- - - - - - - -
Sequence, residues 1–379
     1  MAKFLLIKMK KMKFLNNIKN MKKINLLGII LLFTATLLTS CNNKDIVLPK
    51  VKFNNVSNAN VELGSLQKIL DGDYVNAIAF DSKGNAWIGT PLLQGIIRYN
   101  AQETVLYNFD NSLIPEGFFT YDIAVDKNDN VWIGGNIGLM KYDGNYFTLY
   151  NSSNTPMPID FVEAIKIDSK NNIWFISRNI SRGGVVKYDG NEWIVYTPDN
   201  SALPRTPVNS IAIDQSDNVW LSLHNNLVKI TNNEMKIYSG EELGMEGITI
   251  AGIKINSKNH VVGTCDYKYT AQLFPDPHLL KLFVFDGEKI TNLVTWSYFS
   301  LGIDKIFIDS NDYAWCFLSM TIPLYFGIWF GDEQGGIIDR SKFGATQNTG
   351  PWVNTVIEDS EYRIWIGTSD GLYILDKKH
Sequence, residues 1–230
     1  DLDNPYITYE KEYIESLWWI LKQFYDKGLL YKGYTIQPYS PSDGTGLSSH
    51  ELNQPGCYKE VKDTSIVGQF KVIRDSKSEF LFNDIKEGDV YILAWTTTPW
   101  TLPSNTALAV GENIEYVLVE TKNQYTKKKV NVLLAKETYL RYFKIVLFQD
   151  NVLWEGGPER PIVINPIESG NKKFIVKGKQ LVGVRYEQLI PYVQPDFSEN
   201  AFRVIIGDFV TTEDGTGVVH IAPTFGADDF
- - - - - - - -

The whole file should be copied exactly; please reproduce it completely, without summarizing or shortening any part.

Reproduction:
Sequence, residues 1–379
     1  MAKFLLIKMK KMKFLNNIKN MKKINLLGII LLFTATLLTS CNNKDIVLPK
    51  VKFNNVSNAN VELGSLQKIL DGDYVNAIAF DSKGNAWIGT PLLQGIIRYN
   101  AQETVLYNFD NSLIPEGFFT YDIAVDKNDN VWIGGNIGLM KYDGNYFTLY
   151  NSSNTPMPID FVEAIKIDSK NNIWFISRNI SRGGVVKYDG NEWIVYTPDN
   201  SALPRTPVNS IAIDQSDNVW LSLHNNLVKI TNNEMKIYSG EELGMEGITI
   251  AGIKINSKNH VVGTCDYKYT AQLFPDPHLL KLFVFDGEKI TNLVTWSYFS
   301  LGIDKIFIDS NDYAWCFLSM TIPLYFGIWF GDEQGGIIDR SKFGATQNTG
   351  PWVNTVIEDS EYRIWIGTSD GLYILDKKH
Sequence, residues 1–230
     1  DLDNPYITYE KEYIESLWWI LKQFYDKGLL YKGYTIQPYS PSDGTGLSSH
    51  ELNQPGCYKE VKDTSIVGQF KVIRDSKSEF LFNDIKEGDV YILAWTTTPW
   101  TLPSNTALAV GENIEYVLVE TKNQYTKKKV NVLLAKETYL RYFKIVLFQD
   151  NVLWEGGPER PIVINPIESG NKKFIVKGKQ LVGVRYEQLI PYVQPDFSEN
   201  AFRVIIGDFV TTEDGTGVVH IAPTFGADDF